NEW DELHI -- In July, when the governing council of The Energy And Resources Institute announced that it was appointing a new director general, the statement was deliberately vague about the future of the incumbent, the 74-year-old climate scientist Rajendra Pachauri, who is facing investigations for sexually harassing a 29-year-old woman researcher who worked in his office.
Now, the implications of that move are becoming clearer. The statement praised Pachauri's contributions to the institution and said the new DG — Ajay Mathur — will take up the role "as soon as he is in a position to do so". It made no mention of what the interim arrangement would be. The statement came in the wake of intense public scrutiny of the failure of the TERI board to act against Pachauri even after an internal investigation found him guilty, or at the very least to make sure he did not remain in a position of power and influence while the investigation progressed.
It now seems that the statement was designed to help Pachauri continue in his position of supreme influence at TERI, the organisation where the complainant continues to work.
Pachauri has now sought permission to travel overseas on TERI work. He was permitted to travel to the US in June on account of a death in the family. Last April, he was denied permission to attend a global water summit.
He has now requested the Saket district court that he needs to travel between 21 August and 1 September to Japan and China for official work as TERI DG. That's right — the conceit hidden in the vagueness of the governing council statement means that Pachauri continues to function as DG of TERI and as per websites of the concerned institutions, as chancellor of TERI University and as a member of TERI governing council.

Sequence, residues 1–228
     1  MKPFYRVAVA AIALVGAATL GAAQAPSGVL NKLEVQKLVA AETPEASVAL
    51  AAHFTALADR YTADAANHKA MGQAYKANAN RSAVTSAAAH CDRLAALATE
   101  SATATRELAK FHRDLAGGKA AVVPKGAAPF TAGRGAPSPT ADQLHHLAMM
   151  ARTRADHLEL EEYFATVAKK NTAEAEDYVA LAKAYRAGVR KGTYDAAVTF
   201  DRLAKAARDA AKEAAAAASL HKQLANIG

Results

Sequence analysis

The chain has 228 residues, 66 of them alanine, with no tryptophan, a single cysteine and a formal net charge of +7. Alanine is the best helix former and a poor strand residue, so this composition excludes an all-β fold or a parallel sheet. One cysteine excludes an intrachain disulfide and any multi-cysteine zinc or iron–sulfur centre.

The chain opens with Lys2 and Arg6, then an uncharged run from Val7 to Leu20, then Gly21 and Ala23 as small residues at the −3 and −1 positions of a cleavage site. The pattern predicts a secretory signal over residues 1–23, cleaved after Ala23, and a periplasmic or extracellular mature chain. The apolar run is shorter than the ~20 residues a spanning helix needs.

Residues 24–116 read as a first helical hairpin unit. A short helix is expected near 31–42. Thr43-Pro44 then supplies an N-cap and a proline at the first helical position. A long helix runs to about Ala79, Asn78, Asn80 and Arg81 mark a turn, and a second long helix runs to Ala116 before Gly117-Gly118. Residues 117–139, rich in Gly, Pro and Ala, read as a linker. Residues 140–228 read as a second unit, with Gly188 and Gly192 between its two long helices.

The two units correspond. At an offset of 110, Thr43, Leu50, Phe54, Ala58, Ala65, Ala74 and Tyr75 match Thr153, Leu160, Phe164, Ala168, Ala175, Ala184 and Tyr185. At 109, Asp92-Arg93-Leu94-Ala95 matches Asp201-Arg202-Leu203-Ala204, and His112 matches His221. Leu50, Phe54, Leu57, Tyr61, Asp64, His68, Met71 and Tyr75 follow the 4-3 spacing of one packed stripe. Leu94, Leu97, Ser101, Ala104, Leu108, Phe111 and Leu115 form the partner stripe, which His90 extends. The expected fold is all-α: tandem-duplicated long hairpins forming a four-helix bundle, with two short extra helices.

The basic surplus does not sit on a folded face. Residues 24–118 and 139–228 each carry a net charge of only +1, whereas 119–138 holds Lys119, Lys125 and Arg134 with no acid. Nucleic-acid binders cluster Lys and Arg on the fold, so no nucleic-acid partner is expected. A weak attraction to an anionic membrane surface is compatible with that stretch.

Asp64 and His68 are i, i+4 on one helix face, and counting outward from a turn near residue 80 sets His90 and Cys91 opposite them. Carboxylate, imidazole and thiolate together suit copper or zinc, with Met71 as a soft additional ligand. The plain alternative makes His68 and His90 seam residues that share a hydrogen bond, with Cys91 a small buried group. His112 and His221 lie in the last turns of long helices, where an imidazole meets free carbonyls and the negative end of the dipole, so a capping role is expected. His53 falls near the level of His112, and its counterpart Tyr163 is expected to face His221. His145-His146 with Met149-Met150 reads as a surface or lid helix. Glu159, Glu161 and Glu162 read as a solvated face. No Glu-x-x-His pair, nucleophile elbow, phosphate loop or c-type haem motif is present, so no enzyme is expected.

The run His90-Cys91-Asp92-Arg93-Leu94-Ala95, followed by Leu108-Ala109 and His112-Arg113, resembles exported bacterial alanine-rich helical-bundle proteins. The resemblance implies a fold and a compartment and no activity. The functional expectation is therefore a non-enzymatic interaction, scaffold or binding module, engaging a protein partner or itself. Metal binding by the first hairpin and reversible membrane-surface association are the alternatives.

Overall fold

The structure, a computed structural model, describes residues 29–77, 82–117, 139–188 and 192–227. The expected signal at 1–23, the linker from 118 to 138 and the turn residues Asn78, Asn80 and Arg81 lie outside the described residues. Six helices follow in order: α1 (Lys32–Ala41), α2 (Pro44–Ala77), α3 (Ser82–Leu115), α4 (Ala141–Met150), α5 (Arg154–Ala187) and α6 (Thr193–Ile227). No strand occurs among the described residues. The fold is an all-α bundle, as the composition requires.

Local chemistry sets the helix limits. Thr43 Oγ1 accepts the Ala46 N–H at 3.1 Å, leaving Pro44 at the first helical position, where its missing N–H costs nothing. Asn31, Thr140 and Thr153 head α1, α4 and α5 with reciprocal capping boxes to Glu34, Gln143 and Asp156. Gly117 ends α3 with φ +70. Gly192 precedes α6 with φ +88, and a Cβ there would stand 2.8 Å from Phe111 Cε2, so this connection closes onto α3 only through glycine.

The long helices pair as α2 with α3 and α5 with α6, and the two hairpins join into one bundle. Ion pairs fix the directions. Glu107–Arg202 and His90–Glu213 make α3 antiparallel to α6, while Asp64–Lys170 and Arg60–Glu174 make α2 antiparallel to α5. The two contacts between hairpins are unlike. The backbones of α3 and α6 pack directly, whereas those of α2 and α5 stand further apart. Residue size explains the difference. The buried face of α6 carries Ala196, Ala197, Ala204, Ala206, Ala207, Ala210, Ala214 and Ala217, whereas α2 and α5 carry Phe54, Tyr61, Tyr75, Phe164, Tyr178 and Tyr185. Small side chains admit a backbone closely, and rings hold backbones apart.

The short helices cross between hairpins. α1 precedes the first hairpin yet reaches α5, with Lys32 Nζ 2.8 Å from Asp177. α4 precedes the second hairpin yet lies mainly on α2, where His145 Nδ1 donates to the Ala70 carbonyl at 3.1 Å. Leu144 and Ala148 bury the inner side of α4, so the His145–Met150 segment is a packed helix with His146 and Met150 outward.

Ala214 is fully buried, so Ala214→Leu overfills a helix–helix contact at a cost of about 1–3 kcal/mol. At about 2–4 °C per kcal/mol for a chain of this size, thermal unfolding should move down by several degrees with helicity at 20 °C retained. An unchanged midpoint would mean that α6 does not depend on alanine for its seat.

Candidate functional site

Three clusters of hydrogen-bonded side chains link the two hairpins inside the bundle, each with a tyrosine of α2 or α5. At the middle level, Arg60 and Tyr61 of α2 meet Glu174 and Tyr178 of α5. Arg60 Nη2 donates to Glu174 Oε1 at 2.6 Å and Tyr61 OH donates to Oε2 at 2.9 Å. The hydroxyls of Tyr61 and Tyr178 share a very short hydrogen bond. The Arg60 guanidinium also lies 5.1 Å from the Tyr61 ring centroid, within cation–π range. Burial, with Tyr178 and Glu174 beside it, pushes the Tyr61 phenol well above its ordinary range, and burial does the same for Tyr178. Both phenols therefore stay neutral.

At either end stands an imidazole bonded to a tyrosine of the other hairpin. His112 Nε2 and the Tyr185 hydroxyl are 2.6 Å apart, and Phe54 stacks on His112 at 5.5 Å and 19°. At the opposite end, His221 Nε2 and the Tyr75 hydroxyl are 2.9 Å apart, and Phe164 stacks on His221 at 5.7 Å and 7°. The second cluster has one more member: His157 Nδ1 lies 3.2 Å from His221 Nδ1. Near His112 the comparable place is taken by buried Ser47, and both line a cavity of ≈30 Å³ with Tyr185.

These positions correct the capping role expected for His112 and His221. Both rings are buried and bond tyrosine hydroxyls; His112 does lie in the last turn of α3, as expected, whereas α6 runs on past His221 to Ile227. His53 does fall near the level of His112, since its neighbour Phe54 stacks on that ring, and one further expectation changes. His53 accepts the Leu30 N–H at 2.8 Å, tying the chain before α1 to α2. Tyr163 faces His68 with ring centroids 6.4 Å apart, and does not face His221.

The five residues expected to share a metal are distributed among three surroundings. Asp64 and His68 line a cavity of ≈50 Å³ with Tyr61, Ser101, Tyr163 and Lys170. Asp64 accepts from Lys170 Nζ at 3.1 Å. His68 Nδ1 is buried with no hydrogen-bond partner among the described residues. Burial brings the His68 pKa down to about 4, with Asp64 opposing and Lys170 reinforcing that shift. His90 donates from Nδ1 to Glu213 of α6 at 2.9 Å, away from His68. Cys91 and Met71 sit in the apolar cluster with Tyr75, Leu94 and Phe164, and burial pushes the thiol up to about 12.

As part of his application, which HuffPost India has seen, he has attached letters of invitation from the Institute for Global Environmental Strategies (IGES) in Tokyo which was formed under the Japanese government, and the United Nations Environment Programme's International Ecosystem Management Partnership (IEMP) in China.
While the IEMP meetings in China and Japan from 22 to 28 August, the IGES meeting is in Tokyo on 29 August. IEMP is organising a Strategic Dialogue on climate change, where Pachauri has been asked to give an address. He is later expected to meet Dr. Wakako Hironaka, who is the former environment minister of Japan, and also husband to one of the TERI governing council members which has stood by Pachauri through the allegations against him.
Pachauri, in his petition to the court, has said, "In the light of the facts and circumstances enumerated above, it is respectfully prayed that (a) Pass order permitting the applicant to travel abroad from 21.08.2015 to 01.09.2015 in order to deliver address and to meet various people as enumerated in the present Petition to undertake this occupation in the interest of justice."
Pachauri obtained a stay from the labour tribunal against operationalizing the recommendations of the internal investigations committee. The next hearing on that stay is only in September.
In the meanwhile, the complainant had written to the PM requesting him to ensure justice is done in the high-profile case. TERI had issued a sternly-worded statement rebutting the charges she made in her letter.
TERI's governing council include many luminaries — its chairman is Prof. B V Sreekantan, an Indian high-energy astrophysicist and former associate of Homi J. Bhabha at the Tata Institute of Fundamental Research. Members besides Pachauri are Dr (Mrs) Wakako Hironaka, Deepak S Parekh (Chairman of Housing Development Finance Corporation), Naina Lal Kidwai (Group General Manager and Country Head of HSBC India), Shailesh Nayak (secretary at Ministry of Earth Sciences), Dr Kiran Mazumdar-Shaw (Chairman & Managing Director of Biocon Limited), Hemendra Kothari (Chairman of DSP BlackRock Investment Managers Private Limited), Dr Henrik O Madsen (Group President & CEO of DNV GL Group), and Dr Leena Srivastava (who was made acting DG for an interim period after allegations against Pachauri first came to light).